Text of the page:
The Seattle Seahawks should have followed Budweiser’s lead on Sunday: It knows that to win big in the Super Bowl, you should always go Beast Mode.
Budweiser’s precious little puppy and his “Best Buds,” the iconic Clydesdale horses, who reduced the nation to tears in Bud’s Super Bowl commercial in 2014, were back again on Sunday, and their heart-tugging tale came out on top of USA Today’s Ad Meter ranking of all Super Bowl commercials for the second year in a row.
It was the third straight win for Budweiser overall and the 13th time in the past 15 Super Bowls that Bud emerged victorious in the minds of the 6,703 voters on Ad Meter’s consumer panel, who ranked all 61 commercials in this year’s game.
Last February, Bud debuted “Puppy Love,” which told the story of a Golden Retriever puppy who befriends the Cyldesdales and routinely escapes a nearby animal shelter to visit them. When the puppy gets adopted, the Clydesdales intervene to keep him in their family.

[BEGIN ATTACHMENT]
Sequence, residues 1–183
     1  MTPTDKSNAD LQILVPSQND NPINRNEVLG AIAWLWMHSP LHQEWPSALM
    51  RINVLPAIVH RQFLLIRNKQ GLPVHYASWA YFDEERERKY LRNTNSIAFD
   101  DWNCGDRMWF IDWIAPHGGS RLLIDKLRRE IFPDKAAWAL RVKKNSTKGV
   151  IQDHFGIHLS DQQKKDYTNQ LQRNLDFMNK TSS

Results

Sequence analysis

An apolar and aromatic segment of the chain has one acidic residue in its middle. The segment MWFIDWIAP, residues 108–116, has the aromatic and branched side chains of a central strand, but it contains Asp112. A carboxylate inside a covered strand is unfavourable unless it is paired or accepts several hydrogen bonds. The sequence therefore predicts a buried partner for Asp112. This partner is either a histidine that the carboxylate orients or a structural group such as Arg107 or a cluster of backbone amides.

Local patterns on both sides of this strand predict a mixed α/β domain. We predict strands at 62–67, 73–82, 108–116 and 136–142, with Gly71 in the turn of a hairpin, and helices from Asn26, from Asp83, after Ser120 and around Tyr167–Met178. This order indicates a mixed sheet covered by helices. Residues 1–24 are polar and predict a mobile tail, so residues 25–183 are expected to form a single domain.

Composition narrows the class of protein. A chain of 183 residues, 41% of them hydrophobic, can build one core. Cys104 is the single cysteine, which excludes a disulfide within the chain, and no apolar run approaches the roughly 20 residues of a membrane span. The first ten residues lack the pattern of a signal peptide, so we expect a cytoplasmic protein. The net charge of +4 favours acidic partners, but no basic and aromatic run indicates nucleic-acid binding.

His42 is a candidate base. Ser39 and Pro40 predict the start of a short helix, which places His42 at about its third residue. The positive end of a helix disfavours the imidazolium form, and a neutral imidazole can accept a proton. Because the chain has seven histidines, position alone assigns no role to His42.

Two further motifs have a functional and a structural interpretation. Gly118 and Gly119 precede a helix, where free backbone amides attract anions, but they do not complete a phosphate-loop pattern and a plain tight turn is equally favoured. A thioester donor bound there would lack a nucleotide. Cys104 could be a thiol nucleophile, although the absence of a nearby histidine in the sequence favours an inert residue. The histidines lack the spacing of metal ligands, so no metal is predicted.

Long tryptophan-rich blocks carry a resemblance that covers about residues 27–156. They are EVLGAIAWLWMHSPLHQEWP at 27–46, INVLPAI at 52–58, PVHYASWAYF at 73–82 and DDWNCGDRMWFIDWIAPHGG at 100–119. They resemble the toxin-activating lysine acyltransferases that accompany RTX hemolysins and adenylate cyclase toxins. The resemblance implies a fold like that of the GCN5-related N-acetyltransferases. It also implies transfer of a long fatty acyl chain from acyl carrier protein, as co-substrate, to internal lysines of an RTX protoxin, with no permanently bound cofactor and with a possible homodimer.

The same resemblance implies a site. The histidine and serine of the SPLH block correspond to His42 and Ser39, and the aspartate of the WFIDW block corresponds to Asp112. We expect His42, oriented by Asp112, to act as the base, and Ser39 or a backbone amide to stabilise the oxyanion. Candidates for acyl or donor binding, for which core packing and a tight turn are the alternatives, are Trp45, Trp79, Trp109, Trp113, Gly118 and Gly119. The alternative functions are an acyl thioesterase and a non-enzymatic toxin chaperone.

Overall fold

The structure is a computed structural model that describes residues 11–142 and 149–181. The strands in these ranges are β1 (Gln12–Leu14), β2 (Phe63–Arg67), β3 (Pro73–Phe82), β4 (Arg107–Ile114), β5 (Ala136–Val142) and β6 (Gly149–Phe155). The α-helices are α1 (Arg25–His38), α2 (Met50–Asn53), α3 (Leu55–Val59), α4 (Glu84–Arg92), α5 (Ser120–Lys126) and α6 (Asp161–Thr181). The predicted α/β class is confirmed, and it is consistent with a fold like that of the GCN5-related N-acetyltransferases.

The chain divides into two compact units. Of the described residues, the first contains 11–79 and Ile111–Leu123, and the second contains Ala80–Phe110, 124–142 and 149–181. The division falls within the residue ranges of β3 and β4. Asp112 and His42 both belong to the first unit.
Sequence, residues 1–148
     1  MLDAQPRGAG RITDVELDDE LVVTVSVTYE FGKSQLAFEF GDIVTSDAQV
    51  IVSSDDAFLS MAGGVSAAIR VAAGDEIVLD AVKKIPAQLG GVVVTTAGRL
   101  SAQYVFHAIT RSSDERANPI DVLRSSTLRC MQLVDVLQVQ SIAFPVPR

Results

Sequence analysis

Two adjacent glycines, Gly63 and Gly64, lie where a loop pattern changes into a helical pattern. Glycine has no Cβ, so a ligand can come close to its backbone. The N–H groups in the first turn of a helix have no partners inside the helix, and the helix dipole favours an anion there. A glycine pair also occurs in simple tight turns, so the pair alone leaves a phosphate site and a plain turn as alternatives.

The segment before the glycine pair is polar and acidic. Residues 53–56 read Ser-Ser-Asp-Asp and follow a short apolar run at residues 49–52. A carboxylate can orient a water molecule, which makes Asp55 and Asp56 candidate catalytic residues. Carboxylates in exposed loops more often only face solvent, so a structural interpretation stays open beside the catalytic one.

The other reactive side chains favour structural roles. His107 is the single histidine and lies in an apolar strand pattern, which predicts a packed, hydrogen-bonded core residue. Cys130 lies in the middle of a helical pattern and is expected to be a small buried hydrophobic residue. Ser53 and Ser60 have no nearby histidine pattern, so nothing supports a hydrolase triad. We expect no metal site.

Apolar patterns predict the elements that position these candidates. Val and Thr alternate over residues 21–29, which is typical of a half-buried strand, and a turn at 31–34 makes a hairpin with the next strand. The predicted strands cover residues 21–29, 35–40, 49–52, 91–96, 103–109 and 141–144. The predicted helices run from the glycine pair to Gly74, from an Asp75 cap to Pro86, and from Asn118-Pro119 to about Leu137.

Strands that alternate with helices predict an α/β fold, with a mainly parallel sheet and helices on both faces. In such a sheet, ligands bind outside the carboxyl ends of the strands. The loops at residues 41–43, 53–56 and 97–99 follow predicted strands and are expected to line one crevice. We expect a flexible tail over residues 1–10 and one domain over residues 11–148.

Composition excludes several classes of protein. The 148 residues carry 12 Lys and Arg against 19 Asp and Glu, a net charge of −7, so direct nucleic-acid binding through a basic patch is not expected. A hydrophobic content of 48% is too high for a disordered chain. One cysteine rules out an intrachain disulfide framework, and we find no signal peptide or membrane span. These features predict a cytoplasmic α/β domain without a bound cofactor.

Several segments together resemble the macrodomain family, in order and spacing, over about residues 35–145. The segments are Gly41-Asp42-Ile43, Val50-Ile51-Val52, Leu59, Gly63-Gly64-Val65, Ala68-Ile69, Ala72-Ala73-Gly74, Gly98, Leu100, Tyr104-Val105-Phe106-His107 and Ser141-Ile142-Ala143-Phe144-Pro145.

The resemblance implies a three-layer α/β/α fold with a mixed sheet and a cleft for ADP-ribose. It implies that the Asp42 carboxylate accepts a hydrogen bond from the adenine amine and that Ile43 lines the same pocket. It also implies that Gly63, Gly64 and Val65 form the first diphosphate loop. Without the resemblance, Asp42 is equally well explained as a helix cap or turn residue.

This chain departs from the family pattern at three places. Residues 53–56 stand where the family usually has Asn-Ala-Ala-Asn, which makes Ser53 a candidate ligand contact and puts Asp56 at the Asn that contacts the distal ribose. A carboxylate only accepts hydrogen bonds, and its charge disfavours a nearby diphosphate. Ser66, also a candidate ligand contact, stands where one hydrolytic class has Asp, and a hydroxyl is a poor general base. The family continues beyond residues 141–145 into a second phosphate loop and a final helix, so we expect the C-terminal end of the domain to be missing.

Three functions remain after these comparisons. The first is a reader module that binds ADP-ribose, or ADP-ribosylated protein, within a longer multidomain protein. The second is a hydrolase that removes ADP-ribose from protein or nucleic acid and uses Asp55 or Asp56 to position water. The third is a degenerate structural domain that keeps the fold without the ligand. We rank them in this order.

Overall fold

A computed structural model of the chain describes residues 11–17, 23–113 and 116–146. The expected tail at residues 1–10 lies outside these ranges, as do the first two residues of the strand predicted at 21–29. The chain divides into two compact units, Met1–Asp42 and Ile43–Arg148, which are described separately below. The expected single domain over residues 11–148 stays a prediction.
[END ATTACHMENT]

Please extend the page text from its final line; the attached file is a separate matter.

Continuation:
This time around, in “Lost Dog,” the pup winds up in a horse trailer headed into the city. He escapes and makes his way back, enduring rain and other obstacles, only to be confronted by a menacing wolf just shy of home. But the horses become aware of the pup’s plight and escape their stable to come to the rescue, making sure the puppy gets home safe to his grateful owner.
“I have my own little dog, and seeing the Clydesdales save that sweet, precious little angel brought a slight tear to my eye,” Ad Meter panelist Kelly VonDrehle told USA TODAY.
As was the case in 2014, Budweiser released the ad online days before the game, giving it massive viral publicity in advance of its Super Bowl rollout, making it once again the most-anticipated ad, which contributed to its overall victory.
“If it ain’t broke, don’t fix it,” Budweiser vice president Brian Perkins told USA TODAY.
Here is 2014’s “Puppy Love” ad:
Via USA TODAY
Read more about dogs and the Super Bowl:
About the author: Jeff Goldberg is a freelance writer in Quincy, Mass. A former editor for MLB.com and sportswriter for the Hartford Courant who covered the University of Connecticut’s women’s basketball team (Huskies!) and the Boston Red Sox, Jeff has authored two books on the UConn women: Bird at the Buzzer (2011) and Unrivaled (2015). He lives with his wife, Susan, and their rescue pup, Rocky, an Italian Greyhuahua/Jack Russell mix from a foster home in Tennessee, hence the name Rocky (as in Rocky Top).